MSSP:
maximize{xij ,i∈N ,j∈L}
{Rm
def=
L∑j=1
N∑i=1
Rixij
}(8)
subject to:
N∑i=1
Rixij ≤ dj, ∀j ∈ L (9)
L∑j=1
xij ≤ 1,∀i ∈ N (10)
xij ∈ {0, 1},∀i ∈ N ,∀j ∈ L. (11)
Several approximations and heuristic algorithms for the MSSP have beenproposed in the literature (e.g., [31–33]). In the case of a single-link, SSP
12
augmented with the post-processing phase achieves the maximum per-linkspectrum efficiency, as proved in Theorem 2. However, in the case of multi-ple links, maximizing Rm in (8) does not necessarily achieve the maximumnetwork-wide spectrum efficiency. Moreover, MSSP needs to be augmentedwith a more complicated post-processing phase, and even then, it does notresult in the overall optimal assignment. To illustrate this, consider the fol-lowing example of two links with demands d1 = 3 Mbps and d2 = 7 Mbps.There exists two idle blocks of sizes β1 = 2 and β2 = 11. MSSP will assignthe first idle block to one of the links. Then, in the post-processing phase,either one channel will be assigned to the first link and seven channels to thesecond link, all taken from the second idle block, or three channels to thefirst link and five channels to the second link, all taken from the second idleblock. In both cases, two additional GBs will be introduced. However, a bet-ter assignment with higher ξnet can be achieved by assigning three channelsto the first link and seven channels to the second link, all from the secondidle block, without using the first idle block. In this case, only one additionalGB is introduced.
It can be easily seen that MSSP results in the optimal network-wideassignment only when there exists a block-based assignment that exactlysatisfies the demands of all links. In this case, such block assignment is anoptimal assignment. However, the optimal block-based assignment may notalways exist. To obtain the network-wide optimal assignment for a generalsetting, the assignment needs to be performed on a per-channel basis insteadof per-block basis. The network-wide optimal GBA channel assignment canbe formulated as follows.
13
Problem 2:
maximize{xij ,i∈M,j∈L
ηi,i∈M}{
L∑j=1
M∑i=1
xij −1
M
M∑i=1
ηi
}(12)
subject to:
M∑i=1
xij ≤ αj,∀j ∈ L (13)
L∑j=1
xij ≤ 1, ∀i ∈M (14)
η(start)i = x(i+1)j ∧ (1− xij) ∧ (1− ξi),∀i ∈M \ {M}, j ∈ L
(15)
η(end)i = (1− xij) ∧ x(i−1)j ∧ (1− ξi),∀i ∈M \ {1}, j ∈ L (16)
ηi = η(end)i ∨ η
(start)i ,∀i ∈M \ {1,M} (17)
η1 = η(start)1 (18)
ηM = η(end)M (19)
xij ∈ {0, 1}, ∀i ∈M,∀j ∈ L (20)
ηi ∈ {0, 1}, ∀i ∈M (21)
where ‘∧’ and ‘∨’ denote the logical AND and OR operators, respectively.ηi, i ∈ M, is a binary variable; ηi = 1 if channel i is a newly introducedGB, and zero otherwise. ξi, i ∈ M, is a given data; ξi = 1 if channel i isan existing GB, and zero otherwise. η
(start)1 and η
(end)1 , i ∈M, are additional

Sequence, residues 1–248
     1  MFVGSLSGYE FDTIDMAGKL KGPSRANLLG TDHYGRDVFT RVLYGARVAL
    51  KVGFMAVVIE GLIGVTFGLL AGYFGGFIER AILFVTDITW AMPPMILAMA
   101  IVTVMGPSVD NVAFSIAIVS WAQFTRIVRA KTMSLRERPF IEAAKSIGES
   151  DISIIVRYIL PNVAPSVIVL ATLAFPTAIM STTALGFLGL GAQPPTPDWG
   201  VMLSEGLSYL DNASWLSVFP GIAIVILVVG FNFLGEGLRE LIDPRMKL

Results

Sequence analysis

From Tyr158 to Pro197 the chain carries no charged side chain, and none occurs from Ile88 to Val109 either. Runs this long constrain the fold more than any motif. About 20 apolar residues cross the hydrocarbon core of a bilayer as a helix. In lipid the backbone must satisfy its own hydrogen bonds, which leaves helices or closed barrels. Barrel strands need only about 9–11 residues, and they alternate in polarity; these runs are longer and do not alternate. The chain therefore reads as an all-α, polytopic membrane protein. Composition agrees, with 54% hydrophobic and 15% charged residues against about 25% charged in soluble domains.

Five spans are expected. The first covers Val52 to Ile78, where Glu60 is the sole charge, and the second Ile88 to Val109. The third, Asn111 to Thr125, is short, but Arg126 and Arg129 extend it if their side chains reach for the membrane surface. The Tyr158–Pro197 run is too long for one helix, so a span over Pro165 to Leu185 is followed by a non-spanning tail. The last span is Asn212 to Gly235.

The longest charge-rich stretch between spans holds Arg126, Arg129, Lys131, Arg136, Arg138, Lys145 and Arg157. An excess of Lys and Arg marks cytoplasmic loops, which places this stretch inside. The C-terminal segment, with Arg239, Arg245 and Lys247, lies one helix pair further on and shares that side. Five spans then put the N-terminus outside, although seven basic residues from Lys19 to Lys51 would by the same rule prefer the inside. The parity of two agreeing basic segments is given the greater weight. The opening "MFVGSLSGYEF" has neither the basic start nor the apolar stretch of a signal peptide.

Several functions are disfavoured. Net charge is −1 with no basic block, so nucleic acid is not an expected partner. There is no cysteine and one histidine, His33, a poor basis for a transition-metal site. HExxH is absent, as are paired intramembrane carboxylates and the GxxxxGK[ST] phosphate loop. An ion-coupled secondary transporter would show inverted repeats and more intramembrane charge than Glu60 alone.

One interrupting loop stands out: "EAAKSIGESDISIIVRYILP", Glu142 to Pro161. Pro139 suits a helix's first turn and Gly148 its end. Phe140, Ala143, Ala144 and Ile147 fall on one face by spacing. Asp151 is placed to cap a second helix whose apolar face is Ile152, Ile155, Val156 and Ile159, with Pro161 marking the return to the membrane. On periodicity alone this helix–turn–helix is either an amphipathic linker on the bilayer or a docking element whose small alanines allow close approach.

auxiliary variables to simplify the formulation. Because 1M
∑Mi=1 ηi < 1, the
first term in (12) always dominates the second term.Constraint (15) ensures using a GB channel to the left of each assigned
frequency block (i.e., before the start of the block) if there is no existing GBchannel. Specifically, this constraint says that if channel i+ 1 is assigned tolink j (i.e., x(i+1)j = 1), channel i is not assigned to link j (i.e., xij = 0),and channel i is not an existing GB (i.e., ξi = 0), then channel i needsto be reserved as a GB channel (i.e., ηi needs to be set to 1). Similarly,Constraint (16) ensures using a GB channel to the right of each assignedfrequency block (i.e., after the end of the block). Constraint (17) ensuresthat ηi = 1 if slot i + 1 is the start of a frequency block or slot i − 1 is
14
the end of a frequency block. To simplify our formulation, we reformulatethe constraints that contain logical operators (i.e., Constraints (15), (16),and (17)). Constraint (15) can be reformulated, and equivalently replacedby the following set of constraints:
η(start)i ≤ x(i+1)j,∀i ∈M \ {M}, j ∈ L (22)
η(start)i ≤ 1− xij,∀i ∈M \ {M}, j ∈ L (23)
η(start)i ≤ 1− ξi, ∀i ∈M \ {M} (24)
η(start)i ≥ x(i+1)j + (1− xij) + (1− ξi)− 2, ∀i ∈M \ {M}, j ∈ L (25)
η(start)i ≥ 0. (26)
Similarly, constraint (16) can be reformulated as follows:
η(end)i ≤ 1− xij, ∀i ∈M \ {1}, j ∈ L (27)
η(end)i ≤ x(i−1)j,∀i ∈M \ {1}, j ∈ L (28)
η(end)i ≤ 1− ξi,∀i ∈M \ {1} (29)
η(end)i ≥ (1− xij) + x(i−1)j + (1− ξi)− 2,∀i ∈M \ {1}, j ∈ L (30)
η(end)i ≥ 0. (31)
Constraint (17) can be reformulated as follows:
ηi ≥ η(start)i , ∀i ∈M \ {1,M} (32)
ηi ≥ η(end)i , ∀i ∈M \ {1,M} (33)
ηi ≤ η(start)i + η
(end)i , ∀i ∈M \ {1,M}. (34)
After reformulating constraints (15), (16), and (17), Problem 2 can bestated as follows.
15
Problem 2 (reformulated):
maximize{xij ,i∈M,j∈L
ηi,i∈M}{
L∑j=1
M∑i=1
xij −1
M
M∑i=1
ηi
}(35)
subject to:
M∑i=1
xij ≤ αj, ∀j ∈ L (36)
L∑j=1
xij ≤ 1,∀i ∈M (37)
η(start)i ≤ x(i+1)j,∀i ∈M \ {M}, j ∈ L (38)
η(start)i ≤ 1− xij,∀i ∈M \ {M}, j ∈ L (39)
η(start)i ≤ 1− ξi, ∀i ∈M \ {M} (40)
η(start)i ≥ x(i+1)j + (1− xij) + (1− ξi)− 2, ∀i ∈M \ {M}, j ∈ L
(41)
η(start)i ≥ 0 (42)
η(end)i ≤ 1− xij,∀i ∈M \ {1}, j ∈ L (43)
η(end)i ≤ x(i−1)j, ∀i ∈M \ {1}, j ∈ L (44)
η(end)i ≤ 1− ξi,∀i ∈M \ {1} (45)
η(end)i ≥ (1− xij) + x(i−1)j + (1− ξi)− 2, ∀i ∈M \ {1}, j ∈ L
(46)
η(end)i ≥ 0 (47)
ηi ≥ η(start)i , ∀i ∈M \ {1,M} (48)
ηi ≥ η(end)i , ∀i ∈M \ {1,M} (49)
ηi ≤ η(start)i + η
(end)i , ∀i ∈M \ {1,M} (50)